In an SF6 Circuit breaker, sulphur hexafluoride gas is used as the arc quenching medium.
The sulphur hexafluoride gas (SF6) is an electronegative gas and has a strong tendency to absorb free electrons. The contacts of the breaker are opened in a high-pressure flow sulphur hexafluoride (SF6)gas and an arc is struck between them. The gas captures the conducting free electrons in the arc to form relatively immobile negative ions. This loss of conducting electrons in the arc quickly builds up enough insulation strength to extinguish the arc.
Comparing to other circuit breaker types, the SF6 circuit breakers have been found to be very effective for high power and high voltage service.
SF6 CBs are available for all voltages ranging from 144 to 765 kV or even above. Continuous currents up to 8000 A, and symmetrical interrupting ratings up to 63 kA at 765 kV and 80 kA at 230 kV
Construction of SF6 Circuit Breaker
A sulphur hexafluoride (SF6) circuit breaker consists of fixed and moving contacts enclosed in a chamber. The chamber is called arc interruption chamber which contains the SF6 gas. This chamber is connected to sulphur hexafluoride (SF6) gas reservoir. A valve mechanism is there to permit the gas to the arc interruption chamber.
The fixed contact is a hollow cylindrical current carrying contact fitted with an arcing horn. The moving contact is also a hollow cylinder with rectangular holes in the sides. The holes permit the sulphur hexafluoride gas (SF6) gas to let out through them after flowing along and across the arc.
The tips of fixed contact, moving contact and arcing horn are coated with a copper-tungsten arc-resistant material.
Since SF6 gas is costly, it is reconditioned and reclaimed using the suitable auxiliary system after each operation of the breaker.
Working of SF6 CB
The working of an SF6 circuit breaker is similar to the working of a normal circuit breaker we discussed in previous articles.In the closed position of the breaker, the contacts remain surrounded by sulphur hexafluoride gas (SF6) gas at a pressure of about 2.8 kg/cm2.
When the breaker operates, the moving contact is pulled apart and an arc is struck between the contacts. For more details visit Arcing phenomenon in a circuit breaker.
The movement of the moving contact is synchronised with the opening of a valve. The valve permits sulphur hexafluoride gas (SF6) gas at 14 kg/cm2 pressure from the reservoir to the arc interruption chamber.
The high-pressure flow of sulphur hexafluoride gas (SF6) rapidly absorbs the free electrons in the arc path. It forms immobile negative ions which are ineffective as charge carriers.
The result is that the medium between the contacts quickly builds up high dielectric strength and causes the extinction of the arc. After the breaker operation (i.e. after arc extinction in circuit breaker), the valve is closed by the action of a set of springs.
SF6 CB Practical Working Animation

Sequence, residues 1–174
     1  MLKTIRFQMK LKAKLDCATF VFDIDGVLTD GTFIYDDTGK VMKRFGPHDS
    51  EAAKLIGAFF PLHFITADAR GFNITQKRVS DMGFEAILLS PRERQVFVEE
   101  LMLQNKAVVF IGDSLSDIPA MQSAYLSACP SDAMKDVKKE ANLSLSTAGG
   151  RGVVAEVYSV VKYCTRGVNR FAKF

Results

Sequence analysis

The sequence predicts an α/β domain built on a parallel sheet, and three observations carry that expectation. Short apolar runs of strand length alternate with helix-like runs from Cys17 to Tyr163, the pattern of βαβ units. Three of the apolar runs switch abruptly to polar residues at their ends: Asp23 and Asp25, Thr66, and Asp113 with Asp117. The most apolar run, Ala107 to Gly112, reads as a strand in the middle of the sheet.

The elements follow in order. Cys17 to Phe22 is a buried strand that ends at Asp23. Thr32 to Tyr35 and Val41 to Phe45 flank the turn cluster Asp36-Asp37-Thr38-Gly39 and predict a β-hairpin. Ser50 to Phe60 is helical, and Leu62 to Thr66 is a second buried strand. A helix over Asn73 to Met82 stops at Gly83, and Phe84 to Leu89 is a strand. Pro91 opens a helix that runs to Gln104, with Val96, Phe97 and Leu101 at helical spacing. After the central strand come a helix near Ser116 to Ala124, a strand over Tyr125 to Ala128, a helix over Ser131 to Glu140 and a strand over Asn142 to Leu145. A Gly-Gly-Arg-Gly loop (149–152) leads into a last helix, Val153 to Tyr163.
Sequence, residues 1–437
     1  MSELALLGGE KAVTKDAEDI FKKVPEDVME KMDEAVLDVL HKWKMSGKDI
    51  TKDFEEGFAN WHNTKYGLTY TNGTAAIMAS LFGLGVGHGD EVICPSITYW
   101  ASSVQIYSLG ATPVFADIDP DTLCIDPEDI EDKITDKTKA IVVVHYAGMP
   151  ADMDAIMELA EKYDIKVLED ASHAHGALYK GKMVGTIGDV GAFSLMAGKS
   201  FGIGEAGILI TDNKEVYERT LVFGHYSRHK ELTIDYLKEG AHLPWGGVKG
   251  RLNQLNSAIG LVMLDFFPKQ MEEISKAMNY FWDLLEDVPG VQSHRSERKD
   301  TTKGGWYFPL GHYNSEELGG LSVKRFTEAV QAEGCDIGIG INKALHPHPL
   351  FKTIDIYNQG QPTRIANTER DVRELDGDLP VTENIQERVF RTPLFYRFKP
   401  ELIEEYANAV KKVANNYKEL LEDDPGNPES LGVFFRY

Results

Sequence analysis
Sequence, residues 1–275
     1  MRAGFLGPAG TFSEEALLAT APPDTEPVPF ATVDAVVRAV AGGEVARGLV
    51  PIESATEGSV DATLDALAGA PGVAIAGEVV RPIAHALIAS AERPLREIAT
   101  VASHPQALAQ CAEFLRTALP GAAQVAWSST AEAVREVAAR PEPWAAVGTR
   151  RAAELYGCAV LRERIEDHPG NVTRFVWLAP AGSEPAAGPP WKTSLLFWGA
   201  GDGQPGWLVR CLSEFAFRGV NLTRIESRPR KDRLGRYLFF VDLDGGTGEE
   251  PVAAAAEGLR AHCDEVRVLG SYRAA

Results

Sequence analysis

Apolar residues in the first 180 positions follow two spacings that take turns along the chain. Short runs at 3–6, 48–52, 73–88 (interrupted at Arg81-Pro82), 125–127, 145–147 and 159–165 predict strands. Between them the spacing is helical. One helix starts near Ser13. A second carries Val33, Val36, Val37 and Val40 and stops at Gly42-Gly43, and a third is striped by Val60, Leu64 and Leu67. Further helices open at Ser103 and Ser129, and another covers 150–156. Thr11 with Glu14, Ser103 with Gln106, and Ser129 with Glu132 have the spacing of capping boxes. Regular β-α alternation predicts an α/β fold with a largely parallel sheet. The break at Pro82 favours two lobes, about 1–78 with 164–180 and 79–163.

The practical opening and closing of a SF6 circuit breaker is animated in this video.
SF6 Circuit Breaker Designs
SF6 gas CBs are of either the dead tank design for outdoor installations or live tank (or modular design) for indoor installations, and increasingly, dead tank breakers are integrated into SF6 insulated substations for indoor or outdoor installations.
The SF6 Circuit Breakers are available as in following designs.
- live tank circuit breaker
- dead tank circuit breaker
- grounded tank designs.
The live tank means the interruption happens in an enclosure that is at line potential. Such SF6 CB has an interrupter chamber that is mounted on insulators and is at line potential. An interrupter with such a modular design can be connected in series to operate at higher voltage levels.
The dead tank means that interruption takes place in a grounded enclosure. CTs are located on both sides of the break (i.e., interrupter contacts). In such circuit breakers, the interruption maintenance takes place at ground level. And its seismic withstand is better than circuit breakers with the live tank designs.
However, they require more insulating gas in order to provide the proper amount of insulation between the interrupter and the grounded tank enclosure. The modular dead tank CB has been specially developed for integration of SF6 insulated substation systems.
The grounded tank means that interruption happens in an enclosure that is partially at line potential and partially at ground potential. The evolution of the grounded tank CB design is the result of installing a live tank CB interrupter into a dead tank CB design.
Advantages and Disadvantages of SF6
Due, to the superior arc quenching properties of sulphur hexafluoride gas (SF6) gas, the sulphur hexafluoride gas (SF6) circuit breakers have many advantages over oil or air circuit breakers. Some of them are listed below :
- Due to the superior arc quenching property of sulphur hexafluoride gas (SF6), such circuit breakers have very short arcing time.
- Since the dielectric strength of sulphur hexafluoride (SF6) gas is 2 to 3 times that operation due unlike of air, such breakers can interrupt much larger currents.
- The sulphur hexafluoride gas (SF6) circuit breaker gives noiseless operation due it’s closed gas circuit and no exhaust to atmosphere, unlike the air blast circuit breaker.
- The compact design of SF6 gas CBs substantially reduces space requirements and building installation costs.
- The SF6 gas circuit breakers can handle all known switching phenomena.
- SF6 gas circuit breakers perfectly can adapt to environmental requirements. They have completely enclosed gas system that eliminates any exhaust during switching operations.
- Contact separation in SF6 gas CB’s is minimum due to dielectric strength provided by the high-pressure SF6.
In general, the only disadvantage of the SF6 Circuit Breakers is their relatively high costs. The cost has been somewhat coming down in recent years.
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